[00:18:08] What's the word? I'm not being responsible.
[00:18:14] I'm not being responsible to my people.
[00:18:16] My responsibility is to be, at least, at least to be aware of what is going on. I have no excuse not to know.
[00:18:31] You know? And it's kind of like the least I could do is educate myself and be up to date and aware of what's happening at every moment, which is also making me insane.
Carvell Wallace: [00:18:47] Yeah, that's what I was going to ask, like.
Shereen Marisol Meraji: [00:18:51] But it does feel like... I mean, do you feel that way?
Carvell Wallace: [00:18:53] No.
[00:18:54] I feel... I feel a lot of ways, but I was going to say I don't know that I agree that your fundamental responsibility is to be informed. I think that our fundamental... I can't speak for you, but I think that our fundamental responsibility is to be of maximum functionality, like we have to be able to do...
[00:19:15] You know what I'm saying?
Shereen Marisol Meraji: [00:19:17] That's right.
Carvell Wallace: [00:19:17] Like you have to be able to do.
Shereen Marisol Meraji: [00:19:19] Self-care, in some ways.
Carvell Wallace: [00:19:20] The most that we can... Yeah. And self-care has got like a weird tinge on it now.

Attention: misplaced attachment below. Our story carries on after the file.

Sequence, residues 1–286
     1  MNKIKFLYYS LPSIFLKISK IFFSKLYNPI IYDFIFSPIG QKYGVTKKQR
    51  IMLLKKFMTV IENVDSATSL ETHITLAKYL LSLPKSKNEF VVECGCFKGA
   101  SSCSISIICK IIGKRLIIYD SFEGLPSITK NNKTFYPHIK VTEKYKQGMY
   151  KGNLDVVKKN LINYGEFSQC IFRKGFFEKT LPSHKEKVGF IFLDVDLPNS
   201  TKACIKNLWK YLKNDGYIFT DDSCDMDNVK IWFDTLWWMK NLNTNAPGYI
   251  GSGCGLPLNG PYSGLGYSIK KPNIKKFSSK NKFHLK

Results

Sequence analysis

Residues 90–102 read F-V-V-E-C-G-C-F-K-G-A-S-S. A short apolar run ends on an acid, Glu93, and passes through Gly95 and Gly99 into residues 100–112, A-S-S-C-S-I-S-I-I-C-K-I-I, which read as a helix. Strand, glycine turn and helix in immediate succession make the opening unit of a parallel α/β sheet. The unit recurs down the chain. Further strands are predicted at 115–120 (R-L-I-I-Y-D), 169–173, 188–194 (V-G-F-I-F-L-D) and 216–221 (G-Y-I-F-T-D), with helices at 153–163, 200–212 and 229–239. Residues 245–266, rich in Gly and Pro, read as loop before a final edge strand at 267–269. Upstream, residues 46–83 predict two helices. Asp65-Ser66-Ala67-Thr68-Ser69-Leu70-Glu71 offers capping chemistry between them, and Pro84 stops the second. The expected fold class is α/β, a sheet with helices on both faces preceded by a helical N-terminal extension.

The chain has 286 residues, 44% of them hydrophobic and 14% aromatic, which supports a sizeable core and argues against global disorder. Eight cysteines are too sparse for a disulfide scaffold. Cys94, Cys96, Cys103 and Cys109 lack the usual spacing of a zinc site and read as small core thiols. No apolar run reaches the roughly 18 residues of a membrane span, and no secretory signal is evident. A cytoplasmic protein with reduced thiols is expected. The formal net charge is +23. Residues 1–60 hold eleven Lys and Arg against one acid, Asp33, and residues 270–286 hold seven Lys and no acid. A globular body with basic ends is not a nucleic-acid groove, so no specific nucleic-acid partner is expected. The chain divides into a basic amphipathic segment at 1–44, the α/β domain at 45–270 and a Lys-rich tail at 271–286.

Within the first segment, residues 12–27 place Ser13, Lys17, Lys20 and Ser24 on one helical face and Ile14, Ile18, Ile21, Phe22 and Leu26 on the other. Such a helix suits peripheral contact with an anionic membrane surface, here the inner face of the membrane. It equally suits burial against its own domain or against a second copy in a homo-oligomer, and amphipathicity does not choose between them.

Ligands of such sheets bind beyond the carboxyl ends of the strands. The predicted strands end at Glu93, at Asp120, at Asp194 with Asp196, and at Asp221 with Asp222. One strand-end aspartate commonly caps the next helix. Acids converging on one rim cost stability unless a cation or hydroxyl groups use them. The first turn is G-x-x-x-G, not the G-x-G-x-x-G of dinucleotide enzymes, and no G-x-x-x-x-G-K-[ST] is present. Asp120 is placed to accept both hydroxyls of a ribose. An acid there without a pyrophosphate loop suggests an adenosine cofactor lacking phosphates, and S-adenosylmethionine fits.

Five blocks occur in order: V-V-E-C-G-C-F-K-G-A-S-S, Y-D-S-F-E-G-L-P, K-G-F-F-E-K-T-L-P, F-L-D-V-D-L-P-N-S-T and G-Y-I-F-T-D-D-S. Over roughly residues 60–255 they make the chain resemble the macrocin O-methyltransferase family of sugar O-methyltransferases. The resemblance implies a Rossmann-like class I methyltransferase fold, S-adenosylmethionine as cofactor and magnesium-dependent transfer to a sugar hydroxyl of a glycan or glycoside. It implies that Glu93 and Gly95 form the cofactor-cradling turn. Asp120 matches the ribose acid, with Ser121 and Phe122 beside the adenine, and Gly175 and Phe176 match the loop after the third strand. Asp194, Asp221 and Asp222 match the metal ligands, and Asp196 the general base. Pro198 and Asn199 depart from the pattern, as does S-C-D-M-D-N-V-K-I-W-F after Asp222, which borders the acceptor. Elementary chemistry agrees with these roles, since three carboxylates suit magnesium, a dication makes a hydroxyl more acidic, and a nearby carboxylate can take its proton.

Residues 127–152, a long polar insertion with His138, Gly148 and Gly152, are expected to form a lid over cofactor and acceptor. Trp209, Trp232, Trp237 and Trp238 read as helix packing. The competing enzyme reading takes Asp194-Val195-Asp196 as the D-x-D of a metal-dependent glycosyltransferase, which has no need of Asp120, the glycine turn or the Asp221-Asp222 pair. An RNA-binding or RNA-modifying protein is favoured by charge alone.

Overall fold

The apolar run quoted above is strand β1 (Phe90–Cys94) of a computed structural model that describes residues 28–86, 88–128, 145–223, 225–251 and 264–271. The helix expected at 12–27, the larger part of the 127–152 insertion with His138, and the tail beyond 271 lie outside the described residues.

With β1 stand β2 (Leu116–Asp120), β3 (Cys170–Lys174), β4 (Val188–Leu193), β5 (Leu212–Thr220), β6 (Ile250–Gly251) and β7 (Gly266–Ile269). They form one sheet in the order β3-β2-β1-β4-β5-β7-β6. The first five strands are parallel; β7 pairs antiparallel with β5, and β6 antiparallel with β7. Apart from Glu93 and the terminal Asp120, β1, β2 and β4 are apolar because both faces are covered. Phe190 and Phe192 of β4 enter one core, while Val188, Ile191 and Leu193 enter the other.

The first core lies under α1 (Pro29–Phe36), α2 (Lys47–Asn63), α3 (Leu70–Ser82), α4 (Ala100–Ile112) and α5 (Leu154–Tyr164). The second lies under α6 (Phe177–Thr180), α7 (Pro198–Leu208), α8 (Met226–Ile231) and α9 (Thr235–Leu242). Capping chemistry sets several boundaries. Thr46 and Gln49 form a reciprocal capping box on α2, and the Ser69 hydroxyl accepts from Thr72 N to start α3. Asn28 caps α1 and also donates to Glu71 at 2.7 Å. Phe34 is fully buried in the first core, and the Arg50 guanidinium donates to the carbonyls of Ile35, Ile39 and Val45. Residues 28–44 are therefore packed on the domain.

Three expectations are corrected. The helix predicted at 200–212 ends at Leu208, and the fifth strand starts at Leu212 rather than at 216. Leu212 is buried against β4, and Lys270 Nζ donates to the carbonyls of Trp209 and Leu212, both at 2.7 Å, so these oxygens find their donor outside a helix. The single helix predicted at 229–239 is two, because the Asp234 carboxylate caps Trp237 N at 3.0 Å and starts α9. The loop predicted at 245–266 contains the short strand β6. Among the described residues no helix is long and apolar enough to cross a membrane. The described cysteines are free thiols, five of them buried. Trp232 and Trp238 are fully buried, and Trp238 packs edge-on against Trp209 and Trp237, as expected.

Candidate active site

Shereen Marisol Meraji: [00:19:24] But your well, keep your well full.
Carvell Wallace: [00:19:26] You've to be able to operate because we're were needed and... And also, we can't fix everything. And so. So there's this thing where you have to be operating at as close to maximum capacity as you can, and that means doing things like feeling love and petting dogs.
Shereen Marisol Meraji: [00:19:45] And hanging out with your friends... which I realize, man...
Carvell Wallace: [00:19:50] I think they call this community? Which is a word that is nowadays kind of used to describe every dumb thing, but at its core it still has value. Real community, physical community, being a part of the thing where you actually connect with other human beings, where there's comfort and trust and honesty, safety and authenticity and with that collective of human beings, you go forward and decide to change something, to make some small progress, to work for something. That I think is what community is supposed to be. And that, I think, is what's missing.
[00:20:34] And that's a problem for me, because maybe the only thing that makes me more American than my random, unspecific, and intractable optimism is the fact that I really just kind of want to be alone, on a prairie, like an exceptional cowboy looking off into the sunset with only my horse and a can of beans, but free, you know? Free. I mean, you really have to convince me that I'm better off with other people than I am by myself. It's crazy, I know, but it's the way that I am. It's the way I think a lot of us are. We have a hard time being together.